Quality ECEC systems are the benchmark for successful education policy making
Learning from the best and sharing knowledge and experiences is crucial for the advancement of early learning research and practices worldwide, and the Khalifa International Award for Early Learning (KIAEL) aims to find the best.
Recent findings from the OECD’s latest Programme for International Student Assessment (PISA) link successful early childhood education methodologies and practices to higher standards and quality of elementary and tertiary education systems.
According to the triennially released PISA rankings, Estonia has emerged as a standout model for many policymakers, partly due to its exceptional pre-school system, renowned for its quality, where teachers are mandated to hold a bachelor’s degree.
A striking contrast to the OECD average, nearly 90 percent of Estonian children attend pre-school for a minimum of three years, significantly surpassing the 57 percent average across OECD countries.
In his capacity as one of the awarding committee members of the Khalifa International Award for Early Learning, Dr W. Steven Barnett, Ph.D. Board of Governors Professor, Senior Co-Director National Institute for Early Education Research, Graduate School of Education, Rutgers University (pictured), said:
“Estonia builds the foundation for success in primary and secondary education on high-quality early childhood programmes beginning as early as age two years that emphasise play, self-directed learning, and the full range of learning and development including the relationships and social-emotional skills and knowledge.”
“These are essential elements for success in the later years as well as language, literacy, mathematics, and science. Other elements include small classes and well-educated teachers. Countries seeking to improve their performance on PISA would do well to learn more about the world’s best policies and practices in early childhood.”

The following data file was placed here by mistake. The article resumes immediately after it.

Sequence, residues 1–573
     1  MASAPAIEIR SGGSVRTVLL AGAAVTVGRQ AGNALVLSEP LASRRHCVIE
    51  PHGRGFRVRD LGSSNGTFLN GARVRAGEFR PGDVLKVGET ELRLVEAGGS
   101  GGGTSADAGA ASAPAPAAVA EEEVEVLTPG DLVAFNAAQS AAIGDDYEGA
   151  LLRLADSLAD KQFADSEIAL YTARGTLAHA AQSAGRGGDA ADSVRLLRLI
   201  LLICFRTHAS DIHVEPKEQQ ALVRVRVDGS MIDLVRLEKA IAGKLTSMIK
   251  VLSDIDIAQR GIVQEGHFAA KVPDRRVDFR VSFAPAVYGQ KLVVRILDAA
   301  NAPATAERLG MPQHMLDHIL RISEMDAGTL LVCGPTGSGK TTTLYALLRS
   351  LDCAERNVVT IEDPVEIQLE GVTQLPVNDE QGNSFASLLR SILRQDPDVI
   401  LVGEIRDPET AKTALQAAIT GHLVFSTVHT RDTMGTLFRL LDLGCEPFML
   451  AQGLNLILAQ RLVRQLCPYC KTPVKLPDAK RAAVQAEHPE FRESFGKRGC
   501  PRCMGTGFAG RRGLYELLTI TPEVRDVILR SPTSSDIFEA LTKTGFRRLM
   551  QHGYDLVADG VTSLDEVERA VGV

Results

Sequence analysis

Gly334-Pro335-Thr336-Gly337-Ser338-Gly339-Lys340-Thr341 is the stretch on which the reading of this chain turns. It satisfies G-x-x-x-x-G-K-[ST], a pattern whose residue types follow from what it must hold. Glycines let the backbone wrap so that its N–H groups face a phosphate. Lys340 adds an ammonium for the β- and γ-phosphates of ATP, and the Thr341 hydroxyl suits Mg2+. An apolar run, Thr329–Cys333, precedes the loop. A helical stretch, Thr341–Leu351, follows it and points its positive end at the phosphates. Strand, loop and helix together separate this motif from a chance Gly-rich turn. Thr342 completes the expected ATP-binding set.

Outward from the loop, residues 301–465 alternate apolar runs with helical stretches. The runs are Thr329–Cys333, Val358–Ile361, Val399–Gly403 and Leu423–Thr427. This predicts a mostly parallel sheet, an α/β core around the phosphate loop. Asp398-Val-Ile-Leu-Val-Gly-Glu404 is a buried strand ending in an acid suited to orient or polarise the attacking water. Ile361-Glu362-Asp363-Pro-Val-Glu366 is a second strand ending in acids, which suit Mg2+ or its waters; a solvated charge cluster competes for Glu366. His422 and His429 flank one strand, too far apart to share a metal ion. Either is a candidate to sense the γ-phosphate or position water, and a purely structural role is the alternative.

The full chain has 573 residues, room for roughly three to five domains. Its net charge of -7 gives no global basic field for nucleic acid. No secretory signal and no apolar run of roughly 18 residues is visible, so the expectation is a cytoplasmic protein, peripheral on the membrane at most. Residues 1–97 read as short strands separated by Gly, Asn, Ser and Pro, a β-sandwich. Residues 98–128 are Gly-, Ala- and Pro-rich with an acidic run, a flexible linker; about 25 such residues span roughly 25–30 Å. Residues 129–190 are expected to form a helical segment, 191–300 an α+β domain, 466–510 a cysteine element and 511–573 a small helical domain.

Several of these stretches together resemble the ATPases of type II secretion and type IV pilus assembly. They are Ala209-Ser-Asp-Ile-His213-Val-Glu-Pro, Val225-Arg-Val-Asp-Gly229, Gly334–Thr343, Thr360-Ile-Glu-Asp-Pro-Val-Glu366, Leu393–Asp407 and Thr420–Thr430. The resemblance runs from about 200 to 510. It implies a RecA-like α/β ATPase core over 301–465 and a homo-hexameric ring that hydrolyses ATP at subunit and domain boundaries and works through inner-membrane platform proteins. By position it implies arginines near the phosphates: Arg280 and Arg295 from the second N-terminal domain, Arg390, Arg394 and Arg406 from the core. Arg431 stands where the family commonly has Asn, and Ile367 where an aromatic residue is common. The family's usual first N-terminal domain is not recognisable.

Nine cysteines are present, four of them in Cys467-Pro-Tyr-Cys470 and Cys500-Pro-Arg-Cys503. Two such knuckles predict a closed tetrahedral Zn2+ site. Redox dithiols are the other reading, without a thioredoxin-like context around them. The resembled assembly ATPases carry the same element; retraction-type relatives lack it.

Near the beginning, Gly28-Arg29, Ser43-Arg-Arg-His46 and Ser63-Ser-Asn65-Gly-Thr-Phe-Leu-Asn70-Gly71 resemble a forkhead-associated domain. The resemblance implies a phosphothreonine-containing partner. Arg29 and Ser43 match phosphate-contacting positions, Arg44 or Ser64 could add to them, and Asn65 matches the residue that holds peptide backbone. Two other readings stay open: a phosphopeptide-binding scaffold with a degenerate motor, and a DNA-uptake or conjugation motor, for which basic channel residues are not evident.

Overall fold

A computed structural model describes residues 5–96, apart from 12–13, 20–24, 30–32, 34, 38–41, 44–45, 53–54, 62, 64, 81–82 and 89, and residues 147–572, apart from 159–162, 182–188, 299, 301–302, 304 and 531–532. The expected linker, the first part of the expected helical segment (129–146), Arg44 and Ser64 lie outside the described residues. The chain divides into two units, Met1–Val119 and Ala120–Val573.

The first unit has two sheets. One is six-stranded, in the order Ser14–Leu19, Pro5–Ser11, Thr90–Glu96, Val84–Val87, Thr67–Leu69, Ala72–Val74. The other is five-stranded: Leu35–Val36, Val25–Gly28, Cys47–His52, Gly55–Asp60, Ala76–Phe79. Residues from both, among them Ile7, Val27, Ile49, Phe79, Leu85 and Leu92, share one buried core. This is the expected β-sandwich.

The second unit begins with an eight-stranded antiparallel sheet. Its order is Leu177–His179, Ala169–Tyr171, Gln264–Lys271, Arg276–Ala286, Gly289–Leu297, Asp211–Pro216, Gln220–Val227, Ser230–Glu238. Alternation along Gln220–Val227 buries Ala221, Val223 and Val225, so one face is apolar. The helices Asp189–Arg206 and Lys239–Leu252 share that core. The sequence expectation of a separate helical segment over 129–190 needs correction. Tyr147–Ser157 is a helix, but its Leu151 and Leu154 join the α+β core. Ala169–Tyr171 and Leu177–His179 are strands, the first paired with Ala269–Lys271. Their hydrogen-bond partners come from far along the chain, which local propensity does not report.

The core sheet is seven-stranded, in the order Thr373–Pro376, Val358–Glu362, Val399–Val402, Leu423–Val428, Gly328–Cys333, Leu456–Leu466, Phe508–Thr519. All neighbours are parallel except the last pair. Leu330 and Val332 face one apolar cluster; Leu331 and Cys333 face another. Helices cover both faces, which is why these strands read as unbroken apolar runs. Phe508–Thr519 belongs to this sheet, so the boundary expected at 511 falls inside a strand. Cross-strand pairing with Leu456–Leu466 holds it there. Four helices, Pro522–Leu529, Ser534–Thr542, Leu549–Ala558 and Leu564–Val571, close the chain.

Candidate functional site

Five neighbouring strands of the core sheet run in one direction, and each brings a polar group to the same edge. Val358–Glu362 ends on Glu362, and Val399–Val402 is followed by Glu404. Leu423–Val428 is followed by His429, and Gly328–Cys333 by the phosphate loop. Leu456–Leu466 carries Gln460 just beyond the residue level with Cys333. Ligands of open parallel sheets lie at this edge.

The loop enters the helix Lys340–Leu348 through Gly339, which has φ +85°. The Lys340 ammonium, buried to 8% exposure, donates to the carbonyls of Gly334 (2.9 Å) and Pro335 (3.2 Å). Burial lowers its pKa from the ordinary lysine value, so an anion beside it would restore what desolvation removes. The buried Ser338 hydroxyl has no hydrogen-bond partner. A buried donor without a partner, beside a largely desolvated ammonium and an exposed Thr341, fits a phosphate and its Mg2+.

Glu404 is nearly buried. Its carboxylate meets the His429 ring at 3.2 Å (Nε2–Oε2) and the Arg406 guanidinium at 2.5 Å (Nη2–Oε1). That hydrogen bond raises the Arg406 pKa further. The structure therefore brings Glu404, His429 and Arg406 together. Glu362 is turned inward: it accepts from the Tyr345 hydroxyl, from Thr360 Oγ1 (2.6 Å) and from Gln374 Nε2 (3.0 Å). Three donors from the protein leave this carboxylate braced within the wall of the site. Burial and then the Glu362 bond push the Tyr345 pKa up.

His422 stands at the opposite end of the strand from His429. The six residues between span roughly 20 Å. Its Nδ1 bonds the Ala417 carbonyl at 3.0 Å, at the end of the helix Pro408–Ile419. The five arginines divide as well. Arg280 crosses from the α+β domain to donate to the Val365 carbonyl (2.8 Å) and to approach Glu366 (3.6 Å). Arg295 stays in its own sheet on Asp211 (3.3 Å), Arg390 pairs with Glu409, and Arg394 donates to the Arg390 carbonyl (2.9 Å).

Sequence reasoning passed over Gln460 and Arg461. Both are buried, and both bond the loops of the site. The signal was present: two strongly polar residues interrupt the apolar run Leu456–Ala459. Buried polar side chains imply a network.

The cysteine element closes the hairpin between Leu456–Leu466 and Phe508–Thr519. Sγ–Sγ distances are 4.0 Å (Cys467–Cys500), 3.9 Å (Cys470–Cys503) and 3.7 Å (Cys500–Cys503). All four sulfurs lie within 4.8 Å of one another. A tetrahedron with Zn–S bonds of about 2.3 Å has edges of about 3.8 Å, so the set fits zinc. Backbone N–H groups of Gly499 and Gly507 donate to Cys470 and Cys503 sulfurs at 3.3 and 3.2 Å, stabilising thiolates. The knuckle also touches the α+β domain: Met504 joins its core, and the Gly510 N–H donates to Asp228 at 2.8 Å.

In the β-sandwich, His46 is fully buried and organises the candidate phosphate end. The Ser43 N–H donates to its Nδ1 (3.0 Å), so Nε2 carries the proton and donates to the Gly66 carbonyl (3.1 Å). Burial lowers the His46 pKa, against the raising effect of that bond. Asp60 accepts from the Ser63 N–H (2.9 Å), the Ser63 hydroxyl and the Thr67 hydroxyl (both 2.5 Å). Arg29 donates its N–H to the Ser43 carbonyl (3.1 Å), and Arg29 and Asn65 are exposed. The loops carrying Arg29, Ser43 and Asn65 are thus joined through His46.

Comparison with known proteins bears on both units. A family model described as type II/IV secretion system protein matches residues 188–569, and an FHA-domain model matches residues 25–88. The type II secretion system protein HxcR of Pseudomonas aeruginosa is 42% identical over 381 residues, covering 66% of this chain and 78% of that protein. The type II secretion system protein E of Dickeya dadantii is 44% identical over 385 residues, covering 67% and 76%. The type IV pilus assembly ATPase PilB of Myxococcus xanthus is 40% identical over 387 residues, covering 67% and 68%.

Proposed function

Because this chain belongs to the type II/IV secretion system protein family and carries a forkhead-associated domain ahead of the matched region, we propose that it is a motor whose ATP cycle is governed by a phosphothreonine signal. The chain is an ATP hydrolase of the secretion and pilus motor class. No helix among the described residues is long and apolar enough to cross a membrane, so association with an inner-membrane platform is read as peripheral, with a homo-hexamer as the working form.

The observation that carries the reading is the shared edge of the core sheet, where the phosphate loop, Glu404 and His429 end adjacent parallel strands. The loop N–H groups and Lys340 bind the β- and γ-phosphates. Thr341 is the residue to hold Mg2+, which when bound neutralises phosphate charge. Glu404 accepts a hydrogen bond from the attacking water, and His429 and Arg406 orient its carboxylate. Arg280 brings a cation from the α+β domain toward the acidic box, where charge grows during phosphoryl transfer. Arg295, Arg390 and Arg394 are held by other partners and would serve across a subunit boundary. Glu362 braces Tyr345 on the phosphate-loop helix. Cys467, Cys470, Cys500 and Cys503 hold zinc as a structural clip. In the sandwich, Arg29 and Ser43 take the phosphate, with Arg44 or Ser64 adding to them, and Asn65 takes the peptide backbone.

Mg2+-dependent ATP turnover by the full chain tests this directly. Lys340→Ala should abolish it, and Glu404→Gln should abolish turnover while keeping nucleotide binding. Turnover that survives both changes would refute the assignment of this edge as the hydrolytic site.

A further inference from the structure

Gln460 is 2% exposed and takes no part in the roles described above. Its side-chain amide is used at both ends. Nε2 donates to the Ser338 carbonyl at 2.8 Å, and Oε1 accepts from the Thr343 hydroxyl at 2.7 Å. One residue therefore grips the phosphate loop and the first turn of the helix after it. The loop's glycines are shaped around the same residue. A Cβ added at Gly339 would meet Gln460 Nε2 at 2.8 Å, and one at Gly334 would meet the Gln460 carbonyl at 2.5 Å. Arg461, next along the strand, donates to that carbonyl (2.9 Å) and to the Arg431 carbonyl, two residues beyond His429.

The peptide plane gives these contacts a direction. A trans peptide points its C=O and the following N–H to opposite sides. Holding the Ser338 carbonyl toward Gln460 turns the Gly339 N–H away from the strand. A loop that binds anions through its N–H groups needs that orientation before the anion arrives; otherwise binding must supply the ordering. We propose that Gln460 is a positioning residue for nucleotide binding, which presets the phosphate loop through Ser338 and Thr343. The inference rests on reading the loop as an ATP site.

The Khalifa International Award for Early learning aims to create a mechanism to discover and recognise research, programmes, methodologies, and advanced teaching practices. It acknowledges distinguished teachers and activates the role of educational centres, institutions, and companies specialised in the field of early childhood education.
Now in its second year, the award scheme is designed to recognise global early childhood education (ECE) programmes across two categories: “Best Programmes, Curricula, Teaching Methodologies and Practices” and “Best Research & Studies.”
Each category will see the selection of two winners by a distinguished panel of academics, who will evaluate submissions based on criteria such as innovation, importance, impact, methodological rigor, and feasibility/sustainability.
With a prize pool of US$200,000 that is equally split between four winners, KIAEL aims to recognise and celebrate outstanding contributions that have a profound impact on the early learning field. Individuals, teams, or organisations with a passion for early childhood education are invited to submit their entries by the January 12th, 2024 deadline.
Submissions for the 2024 edition have come from across the globe and have significantly outpaced the entries from the inaugural edition. Interested parties can access official KIAEL website at https://kiafel.khaward.ae as organisers continue to promote awareness about the importance of impactful early learning research and practices through a series of initiatives designed to reach the global ECE community.
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